Crime waning since 1994: Zuma

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iol news pic Zuma review released SAPA President Jacob Zuma speaks at the release of South Africa's 20 year review document at the Sefako Makgatho Presidential Guesthouse in Pretoria. Zuma said the review was government's "factual and frank" account of how South Africa had fared since 1994. Picture: GCIS/SAPA

Pretoria - Serious crime in South Africa has been declining since the advent of democracy, President Jacob Zuma said on Tuesday.

“Compatriots, with regards to safety and security, the levels of serious crime and property crime have declined since 1994,” said Zuma.

“However, crime levels remain high, particularly crime against vulnerable groups, such as women and children, which require continued intensive focus.”

Zuma was releasing South Africa's 20-year review document at the Sefako Makgatho presidential guesthouse in Pretoria.

He said government had implemented several mechanisms and institutions since 1994 to combat corruption.

“These (mechanisms) are now being strengthened by implementing measures, such as preventing public servants from doing business with the state and better management of the risks related to government procurement processes.

“Corruption is not only a public-sector problem, and the country response has to include the private sector as well,” he said.

Zuma said government had made significant headway in the provision of services, including health care, education, water and sanitation.

“The country's improved response to HIV and Aids and tuberculosis has resulted in dramatic improvements in health outcomes, such as increased life expectancy, reduced infant and child mortality rates, and tuberculosis treatment outcomes,” he said.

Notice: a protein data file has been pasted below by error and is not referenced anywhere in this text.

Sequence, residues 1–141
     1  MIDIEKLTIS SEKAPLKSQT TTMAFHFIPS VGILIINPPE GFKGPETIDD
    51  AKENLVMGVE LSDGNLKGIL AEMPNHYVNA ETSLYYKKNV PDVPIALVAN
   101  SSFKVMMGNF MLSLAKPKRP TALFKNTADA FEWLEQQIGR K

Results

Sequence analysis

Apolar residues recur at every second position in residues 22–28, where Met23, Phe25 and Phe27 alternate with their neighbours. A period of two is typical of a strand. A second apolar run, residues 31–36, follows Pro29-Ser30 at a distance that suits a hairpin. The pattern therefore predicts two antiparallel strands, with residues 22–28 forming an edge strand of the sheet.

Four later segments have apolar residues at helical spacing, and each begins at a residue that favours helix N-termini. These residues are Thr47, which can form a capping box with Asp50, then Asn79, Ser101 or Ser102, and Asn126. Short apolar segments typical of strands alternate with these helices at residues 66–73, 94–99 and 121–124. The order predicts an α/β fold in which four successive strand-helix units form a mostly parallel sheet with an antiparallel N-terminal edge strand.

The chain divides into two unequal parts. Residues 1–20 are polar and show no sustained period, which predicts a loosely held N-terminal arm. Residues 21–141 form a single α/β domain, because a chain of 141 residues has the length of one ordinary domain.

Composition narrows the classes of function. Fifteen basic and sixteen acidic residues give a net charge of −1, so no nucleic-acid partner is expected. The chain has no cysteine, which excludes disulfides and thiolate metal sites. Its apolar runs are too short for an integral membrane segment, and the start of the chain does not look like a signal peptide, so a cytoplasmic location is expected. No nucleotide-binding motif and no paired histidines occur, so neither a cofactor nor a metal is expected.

“South Africa's HIV and Aids response has now received international acclaim. There has also been a significant reduction in malaria cases and deaths due to malaria. Severe malnutrition has also significantly declined.”

Looking ahead, Zuma said significant investments would be made for the provision of water, electricity, sanitation, schools, colleges, and housing, among others.

“With regards to basic services, it is impressive that a number of municipalities which had little or no pre-existing institutional foundations, have been able to deliver basic services to thousands of people who did not have them before in the past two decades.

“Some of the municipalities were geared towards serving a minority before 1994. The focus is now on reaching communities that are still waiting, particularly in informal settlements in urban areas and in remote rural areas,” he said.

Government had inherited enormous backlogs in the infrastructure required to deliver basic services.

“We are also still dealing with the impact of the Bantu education system which was designed to keep the black majority confined to unskilled labour,” he said.

But much work remained for government and citizens to achieve the expectations and aspirations of the nation.

“Going forward, we should commit to working together further, to implement the National Development Plan to deal with remaining challenges and take our country forward.

“South Africa is a success story. South Africa is a good story. We have succeeded because of the hard work of all our people who contributed in various ways to rebuilding their country,” he said.

Zuma said the review was government's “factual and frank” account of how South Africa had fared since 1994.

“The review is packed with facts and figures, it is honest and frank in its approach. Where facts indicate that we have challenges and we have made mistakes we say so,” said Zuma.

“It is government's most accurate account of work done in the past 20 years... it is about progress made and work that still needs to be done to move South Africa forward.”

Senior government officials, business executives, analysts, and media personnel packed the room at the guesthouse as Zuma read out the review document.

Zuma said the review was dedicated to former president Nelson Mandela who died in December.

Sapa



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